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posted: 12/27/2012 9:01 PM

Bulls look to rebound, literally

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  • The Rockets' James Harden dunks over center Joakim Noah during the Bulls' 120-97 loss Tuesday night at the United Center.

    The Rockets' James Harden dunks over center Joakim Noah during the Bulls' 120-97 loss Tuesday night at the United Center.
    Associated Press


By Mike McGraw

After surviving a snowstorm and a postponed game in Indianapolis, the Bulls decided to skip practice Thursday, leaving another day to reflect on the state of the team after back-to-back blowout losses.

A road game in Indiana would have been a good barometer of their bounce-back abilities, but that one will have to wait for a later date.

Next up for the Bulls are home games against Washington (3-23) on Saturday and Charlotte (16-game losing streak) on New Year's Eve.

Part of the Bulls' problems can be explained by the quality of competition. They lost road games last week in Memphis and Atlanta (combined home record 22-8), then ran into a hot Houston squad that ran them off the court on Christmas night.

There is one statistical anomaly that stands out, though. In the first 20 games this season, the Bulls were outrebounded by their opponent just twice. In the last seven games, they've been beaten on the boards five times, usually by double digits.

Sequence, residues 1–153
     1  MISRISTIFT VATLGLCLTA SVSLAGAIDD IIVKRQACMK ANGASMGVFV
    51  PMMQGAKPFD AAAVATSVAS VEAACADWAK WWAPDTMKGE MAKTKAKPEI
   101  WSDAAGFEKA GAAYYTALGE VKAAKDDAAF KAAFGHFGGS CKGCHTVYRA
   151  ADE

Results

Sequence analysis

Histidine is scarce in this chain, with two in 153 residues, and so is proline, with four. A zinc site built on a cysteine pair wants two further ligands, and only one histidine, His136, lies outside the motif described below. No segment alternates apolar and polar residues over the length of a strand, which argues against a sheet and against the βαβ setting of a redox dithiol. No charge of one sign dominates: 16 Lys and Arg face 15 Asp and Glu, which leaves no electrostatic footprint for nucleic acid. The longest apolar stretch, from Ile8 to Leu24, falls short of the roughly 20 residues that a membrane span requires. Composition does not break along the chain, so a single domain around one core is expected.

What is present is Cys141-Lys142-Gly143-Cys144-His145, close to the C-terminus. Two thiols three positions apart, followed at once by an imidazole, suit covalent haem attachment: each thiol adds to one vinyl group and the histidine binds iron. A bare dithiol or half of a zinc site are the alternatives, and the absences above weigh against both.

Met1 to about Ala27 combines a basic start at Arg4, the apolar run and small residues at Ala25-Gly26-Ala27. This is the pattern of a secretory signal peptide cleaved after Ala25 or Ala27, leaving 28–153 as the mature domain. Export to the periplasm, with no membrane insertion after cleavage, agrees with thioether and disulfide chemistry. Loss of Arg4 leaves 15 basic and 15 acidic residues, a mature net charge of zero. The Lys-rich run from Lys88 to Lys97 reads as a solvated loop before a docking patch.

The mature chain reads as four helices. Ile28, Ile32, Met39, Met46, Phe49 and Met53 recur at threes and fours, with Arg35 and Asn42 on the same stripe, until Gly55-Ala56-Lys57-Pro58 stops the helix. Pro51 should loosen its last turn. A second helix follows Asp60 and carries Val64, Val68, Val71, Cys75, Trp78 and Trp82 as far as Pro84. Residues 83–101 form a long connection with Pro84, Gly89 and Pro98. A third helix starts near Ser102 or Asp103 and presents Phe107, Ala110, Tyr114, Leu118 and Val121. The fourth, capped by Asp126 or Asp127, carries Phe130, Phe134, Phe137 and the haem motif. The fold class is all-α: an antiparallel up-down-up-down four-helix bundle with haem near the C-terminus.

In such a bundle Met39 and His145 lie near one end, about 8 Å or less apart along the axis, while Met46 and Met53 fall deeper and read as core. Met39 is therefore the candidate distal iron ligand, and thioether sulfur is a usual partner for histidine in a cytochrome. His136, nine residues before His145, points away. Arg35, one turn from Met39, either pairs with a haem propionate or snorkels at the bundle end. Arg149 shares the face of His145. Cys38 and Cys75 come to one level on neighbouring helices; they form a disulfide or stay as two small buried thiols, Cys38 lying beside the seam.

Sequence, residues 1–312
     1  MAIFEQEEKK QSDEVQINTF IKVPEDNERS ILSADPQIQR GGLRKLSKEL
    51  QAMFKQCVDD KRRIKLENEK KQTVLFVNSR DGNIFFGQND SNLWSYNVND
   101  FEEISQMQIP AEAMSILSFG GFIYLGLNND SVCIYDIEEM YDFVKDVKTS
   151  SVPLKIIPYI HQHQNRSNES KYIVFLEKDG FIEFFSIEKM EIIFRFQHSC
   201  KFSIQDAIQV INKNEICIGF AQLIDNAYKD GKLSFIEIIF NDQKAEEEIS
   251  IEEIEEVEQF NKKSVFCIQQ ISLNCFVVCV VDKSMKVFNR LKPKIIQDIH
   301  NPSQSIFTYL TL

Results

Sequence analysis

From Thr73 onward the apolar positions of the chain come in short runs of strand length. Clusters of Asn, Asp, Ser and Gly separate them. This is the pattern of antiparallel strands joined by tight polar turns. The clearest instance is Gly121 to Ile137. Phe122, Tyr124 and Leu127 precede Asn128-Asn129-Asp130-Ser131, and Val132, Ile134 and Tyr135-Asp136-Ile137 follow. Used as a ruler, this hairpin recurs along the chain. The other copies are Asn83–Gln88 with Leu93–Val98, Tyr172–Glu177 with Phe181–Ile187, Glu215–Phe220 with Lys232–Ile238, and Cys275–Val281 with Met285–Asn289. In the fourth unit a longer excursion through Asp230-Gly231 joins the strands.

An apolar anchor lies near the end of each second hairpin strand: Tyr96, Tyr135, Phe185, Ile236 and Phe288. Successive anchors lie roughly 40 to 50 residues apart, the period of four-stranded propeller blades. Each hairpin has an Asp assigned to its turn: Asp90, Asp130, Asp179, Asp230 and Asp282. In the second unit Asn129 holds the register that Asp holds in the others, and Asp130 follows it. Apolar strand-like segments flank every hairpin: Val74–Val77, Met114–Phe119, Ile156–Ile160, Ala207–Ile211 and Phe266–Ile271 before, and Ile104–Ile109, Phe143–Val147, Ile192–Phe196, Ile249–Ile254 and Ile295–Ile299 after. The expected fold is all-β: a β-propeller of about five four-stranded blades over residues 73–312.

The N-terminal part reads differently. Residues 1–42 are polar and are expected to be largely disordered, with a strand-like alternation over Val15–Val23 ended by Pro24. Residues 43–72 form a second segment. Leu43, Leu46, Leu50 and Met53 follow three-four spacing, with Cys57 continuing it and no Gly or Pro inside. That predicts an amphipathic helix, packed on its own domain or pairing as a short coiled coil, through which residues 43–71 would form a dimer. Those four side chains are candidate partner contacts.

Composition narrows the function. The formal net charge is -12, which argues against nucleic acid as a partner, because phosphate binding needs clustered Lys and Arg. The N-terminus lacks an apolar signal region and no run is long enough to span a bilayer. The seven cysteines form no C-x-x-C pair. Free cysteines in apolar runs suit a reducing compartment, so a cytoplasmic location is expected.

Asked about the issue before the Houston game, coach Tom Thibodeau talked about how everyone needs to help rebound and asked for more contributions from the guards.

He makes a good point. The Bulls have relied heavily on Joakim Noah and Carlos Boozer to control the rebounds. Noah is averaging 10.6 boards for the season and has bumped that total to 11.4 in the last 10 games.

After Boozer at 9.2 rebounds and Deng at 7.0, there's a long drop to Taj Gibson, who is averaging a career-low 4.4 rebounds. Their best rebounding guard is Kirk Hinrich at 2.5.

The Bulls led the league in rebound percentage last season, when they had Gibson and Omer Asik averaging 5.3 boards, plus Derrick Rose as one of the better rebounding point guards in the league. Through Wednesday's games, the Bulls are eighth in rebound percentage.

An argument could be made that rebounds are an overrated statistic in the current NBA, with few strong centers and a growing trend toward small ball. Miami, New York, Atlanta and Boston all rank in the bottom 10 in rebound differential.

One area where the Bulls are on the wrong side of the small-ball trend is 3-point shooting. They rank last in the league in 3-point baskets per game at 4.4.

The top five teams in that category are New York, Houston, the Lakers, Miami and San Antonio. All but the Lakers are in playoff position.

At the same time, the teams bringing up the rear, just ahead of the Bulls, are Memphis, Milwaukee and Boston -- also winning teams.

Issues are everywhere, but everything should look better with a couple of struggling opponents coming to town and Rose's impending return.

If nothing else, the extra day off will give Deng and Gibson more time to recover from sprained ankles. Deng's injury happened in the Houston game.

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